Digital Companion to C. S. Peirce
1906 | Prolegomena to an Apology for Pragmaticism | CP 4.537

A common mode of estimating the amount of matter in a MS. or printed book is to count the number of words. There will ordinarily be about twenty the’s on a page, and of course they count as twenty words. In another sense of the word “word,” however, there is but one word “the” in the English language; and it is impossible that this word should lie visibly on a page or be heard in any voice, for the reason that it is not a Single thing or Single event. It does not exist; it only determines things that do exist. Such a definitely significant Form, I propose to term a Type. A Single event which happens once and whose identity is limited to that one happening or a Single object or thing which is in some single place at any one instant of time, such event or thing being significant only as occurring just when and where it does, such as this or that word on a single line of a single page of a single copy of a book, I will venture to call a Token. An indefinite significant character such as a tone of voice can neither be called a Type nor a Token. I propose to call such a Sign a Tone. In order that a Type may be used, it has to be embodied in a Token which shall be a sign of the Type, and thereby of the object the Type signifies. I propose to call such a Token of a Type an Instance of the Type.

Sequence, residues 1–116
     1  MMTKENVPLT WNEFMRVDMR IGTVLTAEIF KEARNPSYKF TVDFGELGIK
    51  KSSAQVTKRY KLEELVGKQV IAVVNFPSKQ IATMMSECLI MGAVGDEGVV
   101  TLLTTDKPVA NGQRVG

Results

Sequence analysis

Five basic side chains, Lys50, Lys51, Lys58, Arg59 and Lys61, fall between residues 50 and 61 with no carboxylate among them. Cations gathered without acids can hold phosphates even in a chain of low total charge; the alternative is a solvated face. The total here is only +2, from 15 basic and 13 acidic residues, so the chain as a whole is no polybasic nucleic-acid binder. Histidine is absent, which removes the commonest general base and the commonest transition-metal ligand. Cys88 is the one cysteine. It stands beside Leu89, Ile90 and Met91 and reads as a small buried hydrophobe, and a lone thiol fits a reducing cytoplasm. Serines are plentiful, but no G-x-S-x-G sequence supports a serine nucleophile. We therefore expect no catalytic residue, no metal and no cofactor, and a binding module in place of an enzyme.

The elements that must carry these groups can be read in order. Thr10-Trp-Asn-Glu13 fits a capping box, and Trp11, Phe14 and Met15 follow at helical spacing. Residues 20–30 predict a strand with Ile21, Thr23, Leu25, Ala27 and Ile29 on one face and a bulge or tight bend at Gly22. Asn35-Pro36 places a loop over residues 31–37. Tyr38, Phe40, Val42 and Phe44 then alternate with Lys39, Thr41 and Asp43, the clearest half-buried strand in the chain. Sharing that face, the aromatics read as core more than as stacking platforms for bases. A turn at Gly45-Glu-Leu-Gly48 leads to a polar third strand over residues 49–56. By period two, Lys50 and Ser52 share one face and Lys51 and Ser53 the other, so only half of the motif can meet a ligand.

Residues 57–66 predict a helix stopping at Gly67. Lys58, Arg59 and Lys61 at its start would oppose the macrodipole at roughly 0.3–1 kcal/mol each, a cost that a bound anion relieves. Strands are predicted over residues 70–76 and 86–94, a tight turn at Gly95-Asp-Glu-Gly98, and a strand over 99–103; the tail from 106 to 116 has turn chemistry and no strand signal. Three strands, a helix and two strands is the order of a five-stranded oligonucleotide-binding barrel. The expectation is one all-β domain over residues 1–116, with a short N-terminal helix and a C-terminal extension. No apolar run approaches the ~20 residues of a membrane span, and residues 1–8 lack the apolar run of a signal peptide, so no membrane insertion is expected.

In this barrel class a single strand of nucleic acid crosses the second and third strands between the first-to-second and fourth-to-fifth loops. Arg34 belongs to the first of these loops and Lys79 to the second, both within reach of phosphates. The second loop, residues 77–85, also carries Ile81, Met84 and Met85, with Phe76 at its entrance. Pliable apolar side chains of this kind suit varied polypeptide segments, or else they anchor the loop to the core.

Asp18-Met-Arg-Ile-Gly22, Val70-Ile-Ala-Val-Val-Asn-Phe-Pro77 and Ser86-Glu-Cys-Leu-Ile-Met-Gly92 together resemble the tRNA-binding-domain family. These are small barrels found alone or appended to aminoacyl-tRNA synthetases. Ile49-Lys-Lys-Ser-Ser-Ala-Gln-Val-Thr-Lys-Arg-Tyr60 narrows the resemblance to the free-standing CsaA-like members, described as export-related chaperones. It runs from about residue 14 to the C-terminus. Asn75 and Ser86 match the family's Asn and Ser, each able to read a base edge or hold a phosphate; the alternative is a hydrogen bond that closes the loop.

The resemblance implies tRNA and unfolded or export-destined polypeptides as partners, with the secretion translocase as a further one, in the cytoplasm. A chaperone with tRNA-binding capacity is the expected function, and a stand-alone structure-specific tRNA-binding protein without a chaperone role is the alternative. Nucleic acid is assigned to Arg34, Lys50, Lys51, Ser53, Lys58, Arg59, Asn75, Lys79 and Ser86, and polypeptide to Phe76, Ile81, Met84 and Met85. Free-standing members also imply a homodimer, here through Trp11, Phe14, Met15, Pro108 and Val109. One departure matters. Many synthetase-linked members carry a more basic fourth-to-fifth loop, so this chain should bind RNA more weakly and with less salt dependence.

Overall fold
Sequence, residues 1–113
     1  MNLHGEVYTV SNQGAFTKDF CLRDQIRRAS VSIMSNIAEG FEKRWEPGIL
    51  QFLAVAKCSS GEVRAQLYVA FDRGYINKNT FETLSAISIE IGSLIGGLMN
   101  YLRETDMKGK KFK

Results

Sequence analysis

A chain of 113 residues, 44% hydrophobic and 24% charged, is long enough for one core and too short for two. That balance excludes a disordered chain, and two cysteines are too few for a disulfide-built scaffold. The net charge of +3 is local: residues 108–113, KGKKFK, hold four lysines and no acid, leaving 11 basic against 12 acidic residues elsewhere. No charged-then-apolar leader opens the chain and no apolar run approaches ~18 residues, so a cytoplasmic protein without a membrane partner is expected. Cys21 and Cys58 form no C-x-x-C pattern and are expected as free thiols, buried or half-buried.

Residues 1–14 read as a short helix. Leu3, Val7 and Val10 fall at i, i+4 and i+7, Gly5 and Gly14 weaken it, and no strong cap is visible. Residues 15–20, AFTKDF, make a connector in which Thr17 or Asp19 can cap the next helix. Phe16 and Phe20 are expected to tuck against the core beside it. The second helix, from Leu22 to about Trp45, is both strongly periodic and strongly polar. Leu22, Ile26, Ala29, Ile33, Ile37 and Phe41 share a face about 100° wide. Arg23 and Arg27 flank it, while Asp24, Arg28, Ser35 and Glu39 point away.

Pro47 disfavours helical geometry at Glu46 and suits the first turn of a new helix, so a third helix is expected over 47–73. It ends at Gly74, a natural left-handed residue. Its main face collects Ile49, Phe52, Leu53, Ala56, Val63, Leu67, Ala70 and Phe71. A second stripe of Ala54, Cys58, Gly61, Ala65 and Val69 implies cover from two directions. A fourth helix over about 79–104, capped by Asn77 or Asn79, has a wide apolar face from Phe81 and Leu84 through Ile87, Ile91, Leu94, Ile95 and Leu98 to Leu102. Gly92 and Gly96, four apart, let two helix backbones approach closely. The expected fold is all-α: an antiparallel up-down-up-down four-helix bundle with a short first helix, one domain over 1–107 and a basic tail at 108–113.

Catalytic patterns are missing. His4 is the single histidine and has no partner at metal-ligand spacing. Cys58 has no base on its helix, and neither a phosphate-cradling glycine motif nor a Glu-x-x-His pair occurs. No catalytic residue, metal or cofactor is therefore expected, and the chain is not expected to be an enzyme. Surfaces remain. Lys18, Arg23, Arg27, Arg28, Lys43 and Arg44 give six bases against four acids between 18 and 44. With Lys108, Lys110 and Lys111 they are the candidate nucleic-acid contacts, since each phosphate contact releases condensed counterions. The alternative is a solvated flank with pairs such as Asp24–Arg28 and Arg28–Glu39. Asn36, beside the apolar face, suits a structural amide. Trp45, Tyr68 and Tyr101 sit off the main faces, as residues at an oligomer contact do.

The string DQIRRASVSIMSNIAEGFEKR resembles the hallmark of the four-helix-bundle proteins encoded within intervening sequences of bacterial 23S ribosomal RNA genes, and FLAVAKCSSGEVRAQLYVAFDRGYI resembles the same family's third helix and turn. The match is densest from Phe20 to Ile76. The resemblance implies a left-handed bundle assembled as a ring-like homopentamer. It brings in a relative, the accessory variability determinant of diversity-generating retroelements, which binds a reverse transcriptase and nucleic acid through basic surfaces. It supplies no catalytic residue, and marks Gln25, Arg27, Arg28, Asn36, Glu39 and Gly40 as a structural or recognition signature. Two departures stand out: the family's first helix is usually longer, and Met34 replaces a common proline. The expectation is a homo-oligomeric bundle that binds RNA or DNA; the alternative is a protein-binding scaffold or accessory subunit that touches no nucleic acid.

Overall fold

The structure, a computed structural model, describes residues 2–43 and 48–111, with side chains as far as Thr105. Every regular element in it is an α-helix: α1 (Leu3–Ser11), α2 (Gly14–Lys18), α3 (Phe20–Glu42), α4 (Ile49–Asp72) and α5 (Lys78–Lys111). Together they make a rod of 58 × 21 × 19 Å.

1906 [c.] | On Existential Graphs as an Instrument of Logical Research | MS [R] 498

…in the sense in which “the” is one word only, no matter how many times it may occur, it is a Type, a form or habit.

1908 | Letters to Lady Welby | SS 83

A Sign may itself have a “possible” Mode of Being. E.g. A hexagon inscribed in or circumscribed about a conic. It is a Sign, in that the collinearity of the intersections of opposite sides shows the curve to be a conic, if the hexagon is inscribed; but if it be circumscribed the copunctuality of its three diameters (joining opposite vertices.) Its mode of Being may be Actuality: as with any barometer. Or Necessitant: as the word “the” or any other in the dictionary. For a “possible” Sign I have no better designation than a Tone, though I am considering replacing this by “Mark.” [—] An Actual sign I call a Token; a Necessitant Sign a Type.

1908 [c.] | Letters to Lady Welby | MS [R] L463:15

A Sign may be a Habit or Association or other Law, or Real Tendency. Such is the word “the,” considered as one word, in whatever Token it may be actualized. I call such a sign a Type.